In tonight’s episode of The Gruen Transfer the challenge for the segment titled The Pitch, in which “two of the advertising industry’s finest agencies are pitted against each other and challenged with selling the unsellable”, was as follows:
“We live in a country and culture obsessed with thinness. Every day and in every way, plus-sized people are made to feel inferior. Ostracised. Ridiculed. Humiliated. Yet the truth is, more Australians are overweight than skinny. We want a campaign that will end Shape Discrimination, that will make people who can’t squeeze into model-size clothes feel better.”
One of the ads submitted was deemed by the ABC to be not suitable for broadcast but fortunately The Gruen folks were able to make it and an in-depth panel discussion about the ad available on-line. The ad, the panel discussion and the comments on the site are all well worth a viewing, you’ll find them here: The Foundry’s Anti-discrimination Ad.
I found the ad that did air pretty damn offensive. I do understand why the ABC chose not to air The Foundry’s ad and there are problems with the execution of the idea, but what an idea! I’m way too tired and inarticulate to do any proper analysis but I’m very much looking forward to the discussions that I’m sure will be coming on a number of my favourite blogs.
6 thoughts on “Quick Hit: The Gruen Transfer”
I don’t know if the ad would work. It does have good shock appeal. But is that enough? I think their point is to say we wouldn’t allow these offensive jokes, so why do we allow fat jokes? But some people DO allow all those jokes. And the commercial might be just giving those people more material to work with. As for weight discrimination, I don’t think we need a commercial for that. I think we need less diet ads, less anorexic-looking models, less size 0-4 in clothing stores. I think we need to see people of variety sizes on television. We should see overweight people outside of diet and exercise ads.
I agree with what Dina said. Thanks to your link Mim I got to see what all the fuss was about. I found it highly offensive but tended to agree with the panel in as much as I didn’t really get what the message was as I was so stunned by the first couple of jokes.Along with Dina’s ideas I think we need more ‘fat’ people who are seen as intelligent, worthwhile, vibrant human beings. Because quite frankly – they are. But the image that I have always lived with is that fat people are dumb – ‘beautiful’ people are not.Losing weight shouldn’t be about fitting into a size 12 dress or becoming more socially acceptable. Losing weight should be for the health benefits that are associated with a leaner, active body. Having said that, I know HEAPS of unhealthy skinny people. I also know a bunch of healthy overweight folk.I’ll never accept myself at the size that I was or that I am now because it’s not how I want to live my life which is why I’m actively doing something about it. But it’s gone beyond wanting to be skinny for skinny’s sake…it’s now about adding years to my life. The side benefit of not having to wear daggily designed, larger folks clothes is just that – a side benefit.Phew – that was a long comment after all that wasn’t it!Nat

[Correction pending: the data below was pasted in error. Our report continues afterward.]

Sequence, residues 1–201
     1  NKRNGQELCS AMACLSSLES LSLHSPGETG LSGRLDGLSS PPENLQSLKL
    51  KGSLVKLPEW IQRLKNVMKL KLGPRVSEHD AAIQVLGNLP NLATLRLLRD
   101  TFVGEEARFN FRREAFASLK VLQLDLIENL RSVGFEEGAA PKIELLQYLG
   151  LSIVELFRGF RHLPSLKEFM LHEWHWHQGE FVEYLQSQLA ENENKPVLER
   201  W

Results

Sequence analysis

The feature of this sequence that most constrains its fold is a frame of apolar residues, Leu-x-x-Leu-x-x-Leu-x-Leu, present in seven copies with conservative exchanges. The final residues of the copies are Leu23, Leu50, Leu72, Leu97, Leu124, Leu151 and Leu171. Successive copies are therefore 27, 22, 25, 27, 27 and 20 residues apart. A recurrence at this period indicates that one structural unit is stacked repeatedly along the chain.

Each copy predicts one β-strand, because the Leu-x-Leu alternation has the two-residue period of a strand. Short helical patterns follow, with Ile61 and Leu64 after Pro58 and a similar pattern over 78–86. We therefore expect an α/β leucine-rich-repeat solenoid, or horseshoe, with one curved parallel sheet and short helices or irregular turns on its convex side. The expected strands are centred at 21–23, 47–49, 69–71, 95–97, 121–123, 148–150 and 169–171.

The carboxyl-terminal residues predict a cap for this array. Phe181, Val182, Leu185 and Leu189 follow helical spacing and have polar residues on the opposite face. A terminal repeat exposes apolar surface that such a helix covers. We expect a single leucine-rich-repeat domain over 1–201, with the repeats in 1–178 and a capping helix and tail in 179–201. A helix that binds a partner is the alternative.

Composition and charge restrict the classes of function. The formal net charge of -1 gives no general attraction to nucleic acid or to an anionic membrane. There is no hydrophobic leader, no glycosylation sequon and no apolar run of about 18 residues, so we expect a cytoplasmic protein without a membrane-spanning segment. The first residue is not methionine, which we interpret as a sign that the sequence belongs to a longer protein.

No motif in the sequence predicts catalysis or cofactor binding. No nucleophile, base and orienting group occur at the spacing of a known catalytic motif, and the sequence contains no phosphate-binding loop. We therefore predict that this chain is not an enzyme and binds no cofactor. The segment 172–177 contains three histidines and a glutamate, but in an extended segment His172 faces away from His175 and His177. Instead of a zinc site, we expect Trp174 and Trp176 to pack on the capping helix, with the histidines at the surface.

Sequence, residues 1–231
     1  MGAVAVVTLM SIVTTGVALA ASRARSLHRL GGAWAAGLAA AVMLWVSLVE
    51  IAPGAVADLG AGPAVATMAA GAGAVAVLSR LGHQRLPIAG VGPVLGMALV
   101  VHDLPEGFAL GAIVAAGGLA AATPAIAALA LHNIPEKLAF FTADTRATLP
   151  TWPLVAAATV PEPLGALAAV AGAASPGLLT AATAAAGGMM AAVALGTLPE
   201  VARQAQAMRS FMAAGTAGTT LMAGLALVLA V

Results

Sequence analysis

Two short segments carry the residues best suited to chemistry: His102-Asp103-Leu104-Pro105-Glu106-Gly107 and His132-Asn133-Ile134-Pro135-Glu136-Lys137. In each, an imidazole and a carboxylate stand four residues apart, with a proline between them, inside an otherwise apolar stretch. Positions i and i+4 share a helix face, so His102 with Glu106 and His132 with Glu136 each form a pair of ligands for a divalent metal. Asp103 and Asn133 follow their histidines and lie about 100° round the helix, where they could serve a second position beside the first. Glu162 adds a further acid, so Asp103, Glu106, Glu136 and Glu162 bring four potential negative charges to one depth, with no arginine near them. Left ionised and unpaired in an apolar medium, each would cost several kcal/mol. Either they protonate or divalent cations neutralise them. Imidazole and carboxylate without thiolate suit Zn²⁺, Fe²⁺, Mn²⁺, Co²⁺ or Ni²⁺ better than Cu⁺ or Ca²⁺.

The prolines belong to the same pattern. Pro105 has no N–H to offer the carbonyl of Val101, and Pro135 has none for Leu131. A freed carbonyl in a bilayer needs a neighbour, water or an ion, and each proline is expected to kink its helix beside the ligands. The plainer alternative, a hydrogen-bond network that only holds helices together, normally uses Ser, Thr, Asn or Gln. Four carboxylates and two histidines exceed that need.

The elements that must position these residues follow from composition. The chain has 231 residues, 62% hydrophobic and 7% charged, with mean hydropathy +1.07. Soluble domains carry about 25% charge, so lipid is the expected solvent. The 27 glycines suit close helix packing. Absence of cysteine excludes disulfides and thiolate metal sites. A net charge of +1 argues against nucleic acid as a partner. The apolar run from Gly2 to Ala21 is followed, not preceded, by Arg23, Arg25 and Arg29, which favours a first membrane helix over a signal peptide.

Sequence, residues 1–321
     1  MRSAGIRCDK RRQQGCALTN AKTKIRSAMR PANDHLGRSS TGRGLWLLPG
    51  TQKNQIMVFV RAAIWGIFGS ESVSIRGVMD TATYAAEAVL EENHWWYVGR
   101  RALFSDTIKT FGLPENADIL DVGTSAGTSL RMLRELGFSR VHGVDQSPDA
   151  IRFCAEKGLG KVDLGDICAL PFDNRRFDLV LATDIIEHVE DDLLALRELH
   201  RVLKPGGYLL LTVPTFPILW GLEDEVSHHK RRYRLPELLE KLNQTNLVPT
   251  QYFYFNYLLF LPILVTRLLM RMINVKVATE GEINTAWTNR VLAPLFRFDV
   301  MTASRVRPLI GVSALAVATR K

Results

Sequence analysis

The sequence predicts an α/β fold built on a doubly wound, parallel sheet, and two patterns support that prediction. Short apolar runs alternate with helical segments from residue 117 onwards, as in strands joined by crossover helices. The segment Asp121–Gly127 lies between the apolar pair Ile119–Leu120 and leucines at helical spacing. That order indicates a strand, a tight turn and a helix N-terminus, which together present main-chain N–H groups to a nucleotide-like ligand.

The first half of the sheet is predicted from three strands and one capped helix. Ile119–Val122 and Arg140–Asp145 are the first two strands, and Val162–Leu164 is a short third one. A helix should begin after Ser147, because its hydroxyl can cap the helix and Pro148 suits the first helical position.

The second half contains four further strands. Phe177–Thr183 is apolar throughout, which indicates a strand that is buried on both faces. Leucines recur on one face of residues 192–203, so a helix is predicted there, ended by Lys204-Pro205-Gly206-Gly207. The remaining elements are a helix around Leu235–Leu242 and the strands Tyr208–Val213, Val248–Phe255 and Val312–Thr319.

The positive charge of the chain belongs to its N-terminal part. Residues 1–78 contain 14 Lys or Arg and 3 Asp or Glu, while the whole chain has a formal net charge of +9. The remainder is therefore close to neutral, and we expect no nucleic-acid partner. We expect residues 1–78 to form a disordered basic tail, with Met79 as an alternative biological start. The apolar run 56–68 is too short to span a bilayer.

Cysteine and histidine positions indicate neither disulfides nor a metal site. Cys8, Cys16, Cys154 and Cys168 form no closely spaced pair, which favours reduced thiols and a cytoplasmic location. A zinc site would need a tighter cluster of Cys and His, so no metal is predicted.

@Dina – Yeah, the ad makes the false assumption that fat is the last acceptable prejudice which is so monumentally wrong that it boggles the brain. There’s nothing clever or useful in that approach. But I do think there’s value in presenting the idea that fat jokes are discrimination.Of course the fact that the fat joke they used is in fact also a sexist joke is a little problematic too (by which I mean A GREAT BIG PROBLEM WHICH PISSES ME OFF). The Gruen Transfer totally fails at addressing sexism, I’ve never seen an episode where it was called out or challenged. In fact it wasn’t till after the ad ended and I realised there wasn’t any more that I identified the last “joke” as a fat joke at all, for me it registered primarily as sexist.Fat acceptance – the radical idea that fat people are human beings. That’s what’s needed, portrayals of people of all shapes and sizes being all sorts of awesome and mundane things. Because we are.
HA!That’s the first thing I thought of too MIM the Blatent sexism of the ad.eeew.Dude don’t get me started!!! I probably wouldn’t know how to stop.Thanx
Way to miss the point entirely Sydney Morning Herald:When the ad was aired in front of a studio audience a month ago it went down “like a lead balloon”, according to one ad agency executive present. “There wasn’t even nervous laughter,” he said.It’s not SUPPOSED to be funny, it’s supposed to make people sit in shocked silence and examine their prejudices. If people laughed we’d know for sure it didn’t work.Shot in black and white, the ad features close-ups of people telling three extremely offensive jokes: (text of jokes)The fourth joke is:- Why did God create alcohol? So fat chicks could get a root.The message then says: “Discrimination comes in all shapes and sizes.”So clearly the 4th joke is not extremely offensive? WTF?
For me the best thing about it has been that people are talking about prejudices etc. But much as I applaud the underlying (don’t be fatist) sentiment I didn’t like the sexism of the ad either.Just thinking I was fatist this morning in a reverse way – I’ve joined a 6 week Drop a Dress size programme at the gym and after our first weigh in one woman weighed only 54kg – my friend and I talked about her wondering why the gym would let her do a programme where the aim is to lose 6 kgs in 6 weeks. Maybe I shouldn’t be so bothered about other people and just sort out myself?